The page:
Govt to regulate gemstone trade
The Ministry of Mining is working on regulations to govern artisanal and small scale miners in the country.
This is after reported smuggling of minerals such as rubies and gemstones from the country as their activities are highly unregulated.
According to Mining Cabinet Secretary Dan Kazungu, the government has put a system in place to process the reviewing of mining regulatory framework including addressing royalties, community consent on mineral concessions and formalization of artisanal miners.
“Another key message is to demonstrate to potential investors the efforts being undertaken by the government to facilitate growth of the mining sector. Central to this is the Mining Act 2016, but other initiatives are equally important, example the plan to conduct the aerial geographical survey, the huge investments being made in infrastructure and the drive to lower the cost of energy through increased production and improved delivery,” Mr Kazungu said.
He made the remarks during the Kenya Mining Forum bringing together players in the mining sector.
Artisanal activities are responsible for over 60 percent of annual gemstone production.
Martin Ayisi, a mining law consultant said the new regime provides a stable, predictable secure and transparent investment climate for explorers, investors and developers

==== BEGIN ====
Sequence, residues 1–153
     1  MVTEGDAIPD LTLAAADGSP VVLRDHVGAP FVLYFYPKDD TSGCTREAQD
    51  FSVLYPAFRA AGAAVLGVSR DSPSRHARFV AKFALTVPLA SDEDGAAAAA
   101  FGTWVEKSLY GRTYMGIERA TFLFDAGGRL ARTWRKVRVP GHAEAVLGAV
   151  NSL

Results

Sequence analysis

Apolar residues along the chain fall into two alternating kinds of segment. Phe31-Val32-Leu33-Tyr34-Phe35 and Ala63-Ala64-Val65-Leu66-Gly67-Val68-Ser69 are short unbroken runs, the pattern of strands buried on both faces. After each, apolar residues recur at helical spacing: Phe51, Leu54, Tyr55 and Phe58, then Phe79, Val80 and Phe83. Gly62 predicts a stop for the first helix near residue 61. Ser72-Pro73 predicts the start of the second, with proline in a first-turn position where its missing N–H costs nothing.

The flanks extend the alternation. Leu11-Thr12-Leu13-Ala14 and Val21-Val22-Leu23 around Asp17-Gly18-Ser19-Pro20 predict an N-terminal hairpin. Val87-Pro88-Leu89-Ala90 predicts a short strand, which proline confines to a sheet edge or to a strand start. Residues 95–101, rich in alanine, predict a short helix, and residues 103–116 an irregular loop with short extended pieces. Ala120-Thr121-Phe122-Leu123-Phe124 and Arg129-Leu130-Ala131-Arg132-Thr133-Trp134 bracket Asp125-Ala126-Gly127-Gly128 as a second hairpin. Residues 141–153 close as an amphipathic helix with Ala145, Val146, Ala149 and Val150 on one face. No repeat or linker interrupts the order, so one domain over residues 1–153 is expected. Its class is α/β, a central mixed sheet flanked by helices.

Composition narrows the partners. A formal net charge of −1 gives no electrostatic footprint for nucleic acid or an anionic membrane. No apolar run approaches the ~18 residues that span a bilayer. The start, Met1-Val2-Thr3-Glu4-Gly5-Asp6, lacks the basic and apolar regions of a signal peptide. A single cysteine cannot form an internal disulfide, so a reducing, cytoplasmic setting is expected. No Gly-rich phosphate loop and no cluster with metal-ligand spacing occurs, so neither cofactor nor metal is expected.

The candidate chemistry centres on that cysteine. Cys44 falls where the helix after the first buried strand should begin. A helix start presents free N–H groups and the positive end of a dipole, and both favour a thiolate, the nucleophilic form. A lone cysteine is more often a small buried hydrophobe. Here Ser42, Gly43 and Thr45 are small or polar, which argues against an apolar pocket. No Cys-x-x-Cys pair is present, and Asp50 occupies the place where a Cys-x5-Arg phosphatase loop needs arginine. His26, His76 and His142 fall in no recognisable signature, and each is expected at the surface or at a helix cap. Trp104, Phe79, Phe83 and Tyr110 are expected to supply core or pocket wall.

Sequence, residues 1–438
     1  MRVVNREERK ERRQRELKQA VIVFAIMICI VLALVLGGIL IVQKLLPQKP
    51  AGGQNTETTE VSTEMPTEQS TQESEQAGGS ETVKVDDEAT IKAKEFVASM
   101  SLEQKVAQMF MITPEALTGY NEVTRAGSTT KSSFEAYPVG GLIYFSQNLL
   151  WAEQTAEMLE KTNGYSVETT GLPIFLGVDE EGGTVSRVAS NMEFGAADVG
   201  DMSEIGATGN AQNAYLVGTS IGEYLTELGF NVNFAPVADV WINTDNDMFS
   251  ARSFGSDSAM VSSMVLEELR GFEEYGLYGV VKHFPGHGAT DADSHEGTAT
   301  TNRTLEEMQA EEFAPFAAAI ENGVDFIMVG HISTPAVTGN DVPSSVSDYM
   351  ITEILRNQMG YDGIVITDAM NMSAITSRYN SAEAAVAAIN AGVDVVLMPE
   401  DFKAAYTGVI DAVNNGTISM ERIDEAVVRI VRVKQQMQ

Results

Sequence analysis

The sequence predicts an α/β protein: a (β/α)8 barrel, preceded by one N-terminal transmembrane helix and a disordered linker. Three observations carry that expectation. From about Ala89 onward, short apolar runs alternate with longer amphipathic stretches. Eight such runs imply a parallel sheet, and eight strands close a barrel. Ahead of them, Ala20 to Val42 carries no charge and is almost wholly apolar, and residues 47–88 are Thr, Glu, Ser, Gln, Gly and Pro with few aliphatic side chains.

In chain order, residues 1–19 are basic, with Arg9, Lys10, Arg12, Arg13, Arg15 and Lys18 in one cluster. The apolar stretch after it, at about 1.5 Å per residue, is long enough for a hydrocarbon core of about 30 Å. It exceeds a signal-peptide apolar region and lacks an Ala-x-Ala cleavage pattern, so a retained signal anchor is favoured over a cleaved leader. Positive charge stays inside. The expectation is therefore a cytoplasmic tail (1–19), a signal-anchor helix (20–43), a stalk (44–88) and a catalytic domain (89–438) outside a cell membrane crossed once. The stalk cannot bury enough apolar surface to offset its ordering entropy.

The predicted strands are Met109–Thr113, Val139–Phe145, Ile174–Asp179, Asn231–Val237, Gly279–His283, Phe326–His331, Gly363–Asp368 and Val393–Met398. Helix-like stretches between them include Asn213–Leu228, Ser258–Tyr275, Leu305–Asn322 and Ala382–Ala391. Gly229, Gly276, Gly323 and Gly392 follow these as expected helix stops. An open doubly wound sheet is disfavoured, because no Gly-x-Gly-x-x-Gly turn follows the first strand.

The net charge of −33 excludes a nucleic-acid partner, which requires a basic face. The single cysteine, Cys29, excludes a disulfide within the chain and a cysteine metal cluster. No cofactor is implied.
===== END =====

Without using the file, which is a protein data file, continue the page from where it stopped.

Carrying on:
“Creation of mineral rights board will advise the cabinet secretary on grant, renewal, transfer, and revocation of mineral rights. Regulators are not ready and capacity to enforce the law and coordination among key regulators (NEMA and KRA) are very weak,” Mr Ayisi said
It is estimated that artisanal miners extracted 23 tons of minerals worth an estimated Sh74 billion in 2014.
Most of the minerals were however smuggled out of the country by middlemen allegedly from India and Sri Lanka to waiting buyers who then deliver to global markets.
One piece of green garnet or green tourmaline can fetch up to Sh300,000 per carat.
Despite gemstone availability, there is no valuation of procedure to measure the worth of stones before they are exported.
The mining which takes place in very remote areas usually involves poor and vulnerable people subjected to harsh working conditions.
Mr Kazungu said gem grading and credible valuation is key to stabilizing Kenya’s economy.
Gemstones are exported without the appropriate value and taxation and as a result both the miner and the government lose money.
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